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House of Art
TUE–SUN 10.00–18.00

Hudeček, Aleš / Urban Landscape

2016

acrylic, canvas, 140 x 190 cm

purchased in 2020 with the financial assistance of the Czech Ministry of Culture

This painting displays typical features of Hudeček’s work. It depicts two women sitting and talking to each other next to a model of the planned extension to Ostrava’s House of Art (known as the “White Shadow”). Their conversation – originally an informed discussion about the architectural design – can mutate into an everyday conversation about life, as often happens at exhibition openings or conferences. As viewers, we are present in a moment of relaxation, as can be seen from the unforced gestures of both women. A major milestone in the history of the gallery (and the city as a whole) is thus suddenly relegated to the status of a somewhat ignored background, as the topic of life itself becomes dominant. Hudeček’s typical de-contextualization of situations, which are removed from a real environment and re-situated in an indeterminate space, lends the painting a more general dimension, enabling it to ask questions about the real nature of life, our preferences, and meanings. In other words, any discussion about a specialist topic, any professional activity, always involves a person interacting with another person.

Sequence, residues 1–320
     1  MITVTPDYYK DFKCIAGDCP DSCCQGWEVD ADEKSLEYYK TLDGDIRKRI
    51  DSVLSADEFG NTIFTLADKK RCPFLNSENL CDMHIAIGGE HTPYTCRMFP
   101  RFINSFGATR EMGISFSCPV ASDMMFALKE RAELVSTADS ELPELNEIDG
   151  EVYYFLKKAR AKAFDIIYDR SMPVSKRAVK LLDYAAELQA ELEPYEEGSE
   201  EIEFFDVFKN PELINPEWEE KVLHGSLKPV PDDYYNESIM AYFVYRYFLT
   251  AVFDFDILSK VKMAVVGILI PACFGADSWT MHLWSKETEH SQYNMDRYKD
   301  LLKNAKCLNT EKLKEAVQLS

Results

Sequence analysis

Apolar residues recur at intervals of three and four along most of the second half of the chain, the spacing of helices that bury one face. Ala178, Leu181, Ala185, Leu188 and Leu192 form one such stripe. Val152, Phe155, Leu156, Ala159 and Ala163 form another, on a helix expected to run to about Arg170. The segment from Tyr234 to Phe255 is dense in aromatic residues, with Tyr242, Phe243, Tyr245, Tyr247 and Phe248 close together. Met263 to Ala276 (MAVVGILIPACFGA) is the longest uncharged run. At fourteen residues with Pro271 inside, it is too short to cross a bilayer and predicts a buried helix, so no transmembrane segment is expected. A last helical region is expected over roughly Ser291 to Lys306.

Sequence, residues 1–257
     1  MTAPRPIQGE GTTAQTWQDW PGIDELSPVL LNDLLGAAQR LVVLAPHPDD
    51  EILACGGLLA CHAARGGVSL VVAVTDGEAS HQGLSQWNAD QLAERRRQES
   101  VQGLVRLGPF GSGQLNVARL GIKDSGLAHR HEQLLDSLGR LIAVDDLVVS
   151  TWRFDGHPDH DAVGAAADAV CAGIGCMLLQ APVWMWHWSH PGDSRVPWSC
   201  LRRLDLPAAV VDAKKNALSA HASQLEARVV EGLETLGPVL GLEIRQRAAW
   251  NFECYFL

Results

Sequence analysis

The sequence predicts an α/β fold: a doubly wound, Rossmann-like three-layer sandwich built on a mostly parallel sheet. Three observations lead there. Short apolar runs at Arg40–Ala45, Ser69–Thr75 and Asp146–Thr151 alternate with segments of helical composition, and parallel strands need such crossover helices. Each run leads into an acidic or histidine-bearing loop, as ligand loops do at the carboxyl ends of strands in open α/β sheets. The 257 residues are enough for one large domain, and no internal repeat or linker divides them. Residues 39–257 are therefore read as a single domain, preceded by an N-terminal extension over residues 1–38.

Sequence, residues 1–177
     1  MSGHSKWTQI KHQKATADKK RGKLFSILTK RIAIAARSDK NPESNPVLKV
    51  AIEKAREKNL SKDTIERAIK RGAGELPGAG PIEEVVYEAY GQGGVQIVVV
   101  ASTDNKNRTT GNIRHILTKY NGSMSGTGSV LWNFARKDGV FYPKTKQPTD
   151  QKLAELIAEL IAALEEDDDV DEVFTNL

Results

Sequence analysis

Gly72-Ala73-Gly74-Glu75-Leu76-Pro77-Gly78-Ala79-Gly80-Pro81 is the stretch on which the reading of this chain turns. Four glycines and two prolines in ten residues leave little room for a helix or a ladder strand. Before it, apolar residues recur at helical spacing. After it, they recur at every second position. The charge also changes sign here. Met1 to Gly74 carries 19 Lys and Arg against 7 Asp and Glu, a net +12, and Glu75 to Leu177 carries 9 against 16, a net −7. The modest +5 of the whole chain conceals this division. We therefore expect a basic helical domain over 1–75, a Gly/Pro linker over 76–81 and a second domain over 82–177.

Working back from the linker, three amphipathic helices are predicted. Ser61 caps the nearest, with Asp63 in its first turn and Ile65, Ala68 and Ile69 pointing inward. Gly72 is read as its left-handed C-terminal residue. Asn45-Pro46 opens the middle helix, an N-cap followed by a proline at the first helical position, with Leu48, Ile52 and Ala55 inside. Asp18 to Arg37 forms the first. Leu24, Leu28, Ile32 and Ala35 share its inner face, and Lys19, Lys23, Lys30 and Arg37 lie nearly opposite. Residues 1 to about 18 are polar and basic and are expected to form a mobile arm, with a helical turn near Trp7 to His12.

HUDEČEK ALEŠ

Hudeček is a painter based in Ostrava. After graduating from the secondary art school in his home town of Uherské Hradiště, he began studying under Daniel Balabán at the painting studio of the University of Ostrava’s Faculty of Education. The leitmotif of Hudeček’s painting is the figure. The thematic basis of his works draws on found photographs, often of unknown origin. Hudeček explores everyday situations, in which young women generally play the central role. He removes these figures from their original context and re-situates them into dream-like surroundings in the form of an indeterminate and blurred background that borders on the surreal. This enables him not only to focus our attention on activity itself, but also to remove these narratives from time; in their new timelessness, they function as generalized, archetypical signs that can be subjected to deeper analysis. Common situations can thus take on existential and psychological contours. Hudeček uses a highly varied (and at times almost psychedelic) colour palette. His paintings lie precisely on the boundary between reality and unreality. The composition of his painted paraphrases of photographs, combined with his artistic imagination and the decontextualization of content, lends his works a mysterious, ambiguous quality. Hudeček ranks among the most prominent figures on Ostrava’s art scene. For many years he has taught at the city’s secondary art school as well as being a curator for the Jáma gallery.
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